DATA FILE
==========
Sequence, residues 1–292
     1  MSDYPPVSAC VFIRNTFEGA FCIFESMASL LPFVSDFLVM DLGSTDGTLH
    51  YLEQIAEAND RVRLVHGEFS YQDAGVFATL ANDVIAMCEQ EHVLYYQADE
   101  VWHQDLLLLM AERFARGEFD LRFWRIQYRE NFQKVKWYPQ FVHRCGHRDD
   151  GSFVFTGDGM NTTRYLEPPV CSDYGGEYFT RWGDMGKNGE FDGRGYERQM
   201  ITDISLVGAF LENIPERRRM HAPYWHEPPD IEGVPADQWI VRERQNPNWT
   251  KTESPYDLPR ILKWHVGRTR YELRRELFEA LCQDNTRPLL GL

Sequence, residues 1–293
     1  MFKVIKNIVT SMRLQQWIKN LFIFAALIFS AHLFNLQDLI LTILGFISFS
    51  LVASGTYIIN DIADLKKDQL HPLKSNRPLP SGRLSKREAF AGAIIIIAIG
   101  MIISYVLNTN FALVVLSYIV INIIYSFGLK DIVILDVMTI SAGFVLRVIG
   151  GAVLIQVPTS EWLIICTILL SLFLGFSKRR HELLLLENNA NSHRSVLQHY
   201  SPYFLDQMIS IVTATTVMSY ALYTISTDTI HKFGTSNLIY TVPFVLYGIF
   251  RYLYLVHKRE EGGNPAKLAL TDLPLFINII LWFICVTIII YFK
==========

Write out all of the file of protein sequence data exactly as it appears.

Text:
Sequence, residues 1–292
     1  MSDYPPVSAC VFIRNTFEGA FCIFESMASL LPFVSDFLVM DLGSTDGTLH
    51  YLEQIAEAND RVRLVHGEFS YQDAGVFATL ANDVIAMCEQ EHVLYYQADE
   101  VWHQDLLLLM AERFARGEFD LRFWRIQYRE NFQKVKWYPQ FVHRCGHRDD
   151  GSFVFTGDGM NTTRYLEPPV CSDYGGEYFT RWGDMGKNGE FDGRGYERQM
   201  ITDISLVGAF LENIPERRRM HAPYWHEPPD IEGVPADQWI VRERQNPNWT
   251  KTESPYDLPR ILKWHVGRTR YELRRELFEA LCQDNTRPLL GL

Sequence, residues 1–293
     1  MFKVIKNIVT SMRLQQWIKN LFIFAALIFS AHLFNLQDLI LTILGFISFS
    51  LVASGTYIIN DIADLKKDQL HPLKSNRPLP SGRLSKREAF AGAIIIIAIG
   101  MIISYVLNTN FALVVLSYIV INIIYSFGLK DIVILDVMTI SAGFVLRVIG
   151  GAVLIQVPTS EWLIICTILL SLFLGFSKRR HELLLLENNA NSHRSVLQHY
   201  SPYFLDQMIS IVTATTVMSY ALYTISTDTI HKFGTSNLIY TVPFVLYGIF
   251  RYLYLVHKRE EGGNPAKLAL TDLPLFINII LWFICVTIII YFK